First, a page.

**Two slits of finite width** • When we discussed two-slit interference in Chapter 35, we ignored the width of each slit. When we demonstrated it, however, we saw clearly the effect of the slit widths. • The overall pattern of two finite-width slits is the product of the two patterns, i.e. • where

**Several slits** • In Figure 36.13 below, a lens is used to give a Fraunhofer pattern on a nearby screen. It’s function is to allow the pattern to be seen nearby, without having the screen really distant. • The phasor diagrams show the electric vectors from each slit at different screen locations.

**Interference pattern of several slits** • The figure below shows the interference pattern for 2, 8, and 16 equally spaced narrow slits. • By making the slits really close together, the maxima become more separated. If the light falling on the slits contains more than one wavelength (color), there will be more than one pattern, separated more or less according to wavelength, although all colors have a maximum at m = 0. • This means that the different orders make rainbows—separating wavelengths into a spectrum, with the separation being greater for greater order m.

**The diffraction grating ** • A diffraction grating is an array of a large number of slits having the same width and equal spacing. The intensity maxima occur at • Example 36.4: The wavelengths of the visible spectrum are approximately 380 nm (violet) to 750 nm (red). (a) Find the angular limits of the first-order visible spectrum produced by a plane grating with 600 slits per millimeter when white light falls normally on the grating. (b) Do the first order and second order spectra overlap? What about the 2nd and 3rd orders? • (a) distance between slits is • Violet light for 1st order occurs at • Red light for 1st order occurs at • (b) recalculate for m = 2 and m = 3. The 2nd-order spectrum extends from 27.1-63.9° while the 3rd order is from 43-90.

**Grating spectrographs** • A diffraction grating can be used to disperse light into a spectrum. • The greater the number of slits, the better the resolution. • Figure 36.18(a) below shows our sun in visible light, and in (b) dispersed into a spectrum by a diffraction grating. See description of Eschelle spectrograph: http://www.vikdhillon.staff.shef.ac.uk/teaching/phy217/instruments/phy217_inst_echelle.html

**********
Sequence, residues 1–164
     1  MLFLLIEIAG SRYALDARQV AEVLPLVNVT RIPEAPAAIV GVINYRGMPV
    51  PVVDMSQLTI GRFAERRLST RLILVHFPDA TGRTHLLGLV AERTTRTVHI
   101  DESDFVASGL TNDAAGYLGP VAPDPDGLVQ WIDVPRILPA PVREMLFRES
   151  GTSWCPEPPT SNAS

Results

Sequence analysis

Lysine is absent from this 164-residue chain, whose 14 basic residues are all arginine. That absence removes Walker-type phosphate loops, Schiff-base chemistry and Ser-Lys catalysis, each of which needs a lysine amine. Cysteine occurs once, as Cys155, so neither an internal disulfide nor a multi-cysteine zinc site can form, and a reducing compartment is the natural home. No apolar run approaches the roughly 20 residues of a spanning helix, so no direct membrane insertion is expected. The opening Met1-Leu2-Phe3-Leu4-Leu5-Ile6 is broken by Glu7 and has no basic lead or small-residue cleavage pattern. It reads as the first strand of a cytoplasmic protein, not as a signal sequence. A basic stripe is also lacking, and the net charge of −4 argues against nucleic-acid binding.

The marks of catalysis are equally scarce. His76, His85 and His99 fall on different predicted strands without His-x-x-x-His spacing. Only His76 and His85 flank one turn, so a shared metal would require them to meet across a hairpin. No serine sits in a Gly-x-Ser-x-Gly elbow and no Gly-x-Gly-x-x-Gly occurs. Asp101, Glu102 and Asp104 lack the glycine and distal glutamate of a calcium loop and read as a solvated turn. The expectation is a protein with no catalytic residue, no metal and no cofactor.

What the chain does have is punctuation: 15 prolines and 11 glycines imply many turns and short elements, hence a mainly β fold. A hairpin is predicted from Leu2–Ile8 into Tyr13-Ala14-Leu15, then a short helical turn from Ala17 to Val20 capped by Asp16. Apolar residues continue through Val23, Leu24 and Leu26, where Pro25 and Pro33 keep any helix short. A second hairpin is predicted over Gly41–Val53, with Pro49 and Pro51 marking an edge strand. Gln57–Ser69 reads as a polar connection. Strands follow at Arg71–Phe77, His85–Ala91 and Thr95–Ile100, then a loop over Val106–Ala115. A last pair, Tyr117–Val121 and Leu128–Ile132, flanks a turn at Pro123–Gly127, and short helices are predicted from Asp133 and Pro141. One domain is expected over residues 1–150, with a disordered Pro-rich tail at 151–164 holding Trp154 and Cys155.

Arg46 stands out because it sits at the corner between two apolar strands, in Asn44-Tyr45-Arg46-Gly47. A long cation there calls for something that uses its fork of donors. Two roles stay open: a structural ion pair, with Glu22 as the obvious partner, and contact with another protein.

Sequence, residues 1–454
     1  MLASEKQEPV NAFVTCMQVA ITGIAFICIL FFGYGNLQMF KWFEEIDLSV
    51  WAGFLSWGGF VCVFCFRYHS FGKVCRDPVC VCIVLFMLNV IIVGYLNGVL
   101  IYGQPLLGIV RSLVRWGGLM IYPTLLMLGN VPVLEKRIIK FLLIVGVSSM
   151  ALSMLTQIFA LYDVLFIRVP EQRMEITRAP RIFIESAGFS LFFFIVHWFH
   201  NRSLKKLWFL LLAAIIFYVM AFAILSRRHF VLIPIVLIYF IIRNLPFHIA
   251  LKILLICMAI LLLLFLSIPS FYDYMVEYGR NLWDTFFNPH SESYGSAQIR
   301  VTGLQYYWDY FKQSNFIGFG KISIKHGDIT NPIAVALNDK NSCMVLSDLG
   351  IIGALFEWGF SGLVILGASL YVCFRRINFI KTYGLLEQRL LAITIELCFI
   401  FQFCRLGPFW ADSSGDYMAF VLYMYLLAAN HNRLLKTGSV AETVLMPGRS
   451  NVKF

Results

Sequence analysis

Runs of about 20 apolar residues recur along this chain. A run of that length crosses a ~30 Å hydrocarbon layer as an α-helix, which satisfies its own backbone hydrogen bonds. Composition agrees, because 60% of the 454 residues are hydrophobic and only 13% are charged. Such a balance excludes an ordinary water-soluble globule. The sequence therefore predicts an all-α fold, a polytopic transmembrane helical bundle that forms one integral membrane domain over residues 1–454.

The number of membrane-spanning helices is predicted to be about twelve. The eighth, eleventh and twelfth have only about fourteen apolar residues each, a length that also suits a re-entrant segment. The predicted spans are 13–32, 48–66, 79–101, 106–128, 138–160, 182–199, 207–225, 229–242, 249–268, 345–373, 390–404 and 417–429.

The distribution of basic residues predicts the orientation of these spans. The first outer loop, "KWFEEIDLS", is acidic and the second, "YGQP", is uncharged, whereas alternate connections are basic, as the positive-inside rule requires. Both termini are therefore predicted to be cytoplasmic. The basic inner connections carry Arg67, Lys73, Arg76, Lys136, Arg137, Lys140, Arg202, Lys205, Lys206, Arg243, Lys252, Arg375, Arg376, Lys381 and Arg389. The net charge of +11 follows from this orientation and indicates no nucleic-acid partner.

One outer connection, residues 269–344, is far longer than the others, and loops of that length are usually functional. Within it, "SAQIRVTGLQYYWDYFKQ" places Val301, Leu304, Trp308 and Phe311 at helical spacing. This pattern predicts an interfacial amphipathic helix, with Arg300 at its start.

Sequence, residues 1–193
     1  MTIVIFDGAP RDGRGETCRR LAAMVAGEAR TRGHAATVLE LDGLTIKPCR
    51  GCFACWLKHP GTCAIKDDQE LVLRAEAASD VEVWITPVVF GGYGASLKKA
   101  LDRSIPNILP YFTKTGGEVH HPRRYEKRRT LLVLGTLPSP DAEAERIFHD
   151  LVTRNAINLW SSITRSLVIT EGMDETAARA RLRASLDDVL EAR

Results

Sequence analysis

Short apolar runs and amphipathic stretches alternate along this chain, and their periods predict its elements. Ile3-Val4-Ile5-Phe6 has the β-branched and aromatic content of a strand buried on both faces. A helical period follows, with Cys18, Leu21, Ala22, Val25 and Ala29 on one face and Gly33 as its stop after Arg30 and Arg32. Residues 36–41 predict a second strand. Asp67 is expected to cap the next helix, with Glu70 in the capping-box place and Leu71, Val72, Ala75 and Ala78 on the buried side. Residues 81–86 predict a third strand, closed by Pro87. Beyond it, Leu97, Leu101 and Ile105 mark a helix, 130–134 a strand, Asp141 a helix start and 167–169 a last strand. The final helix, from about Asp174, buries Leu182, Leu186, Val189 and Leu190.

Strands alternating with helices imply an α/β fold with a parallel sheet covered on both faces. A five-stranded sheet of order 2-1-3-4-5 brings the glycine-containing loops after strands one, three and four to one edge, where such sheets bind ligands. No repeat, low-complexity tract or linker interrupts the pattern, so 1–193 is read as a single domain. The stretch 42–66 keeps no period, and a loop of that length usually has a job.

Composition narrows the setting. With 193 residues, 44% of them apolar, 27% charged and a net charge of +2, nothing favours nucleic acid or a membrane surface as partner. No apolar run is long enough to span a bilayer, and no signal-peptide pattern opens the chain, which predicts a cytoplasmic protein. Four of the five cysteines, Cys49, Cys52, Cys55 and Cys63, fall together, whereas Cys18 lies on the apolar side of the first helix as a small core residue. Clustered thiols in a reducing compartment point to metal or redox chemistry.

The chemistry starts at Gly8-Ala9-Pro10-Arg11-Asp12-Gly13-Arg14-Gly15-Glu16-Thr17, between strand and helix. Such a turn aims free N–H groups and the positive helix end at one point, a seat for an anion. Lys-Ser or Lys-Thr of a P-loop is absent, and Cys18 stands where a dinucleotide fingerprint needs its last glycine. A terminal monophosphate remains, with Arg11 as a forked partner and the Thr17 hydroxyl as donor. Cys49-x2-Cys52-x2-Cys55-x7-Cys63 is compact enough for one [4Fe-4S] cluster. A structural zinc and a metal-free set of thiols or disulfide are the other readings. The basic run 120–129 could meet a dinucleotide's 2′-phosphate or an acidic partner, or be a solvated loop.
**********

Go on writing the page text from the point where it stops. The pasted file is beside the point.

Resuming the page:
**Diagram of a grating spectrograph** • Figure 36.19 below shows a diagram of a diffraction-grating spectrograph for use in astronomy.

**X-ray diffraction** • When x rays pass through a crystal, the crystal behaves like a diffraction grating, causing x-ray diffraction. Figure 36.20 below illustrates this phenomenon.

**A simple model of x-ray diffraction** • Follow the text analysis using Figure 36.22 below. • The Bragg condition for constructive interference is 2d sin = m. • Follow Example 36.5.

**Circular apertures** • An aperture of any shape forms a diffraction pattern. • Figures 36.25 and 36.26 below illustrate diffraction by a circular aperture. The airy disk is the central bright spot. • The first dark ring occurs at an angle given by sin1 = 1.22 /D.

**Diffraction and image formation** • Diffraction limits the resolution of optical equipment, such as telescopes. • The larger the aperture, the better the resolution. Figure 36.27 (right) illustrates this effect.

**Bigger telescope, better resolution** • Because of diffraction, large-diameter telescopes, such as the VLA radiotelescope below, give sharper images than small ones. • Follow Example 36.6.

**What is holography?** • By using a beam splitter and mirrors, coherent laser light illuminates an object from different perspectives. Interference effects provide the depth that makes a three-dimensional image from two-dimensional views. Figure 36.28 below illustrates this process.

**How does holography work?** • Follow the text analysis using Figure 36.29 below.

**An example of holography** • Figure 36.32 below shows photographs of a holographic image from two different angles, showing the changing perspective.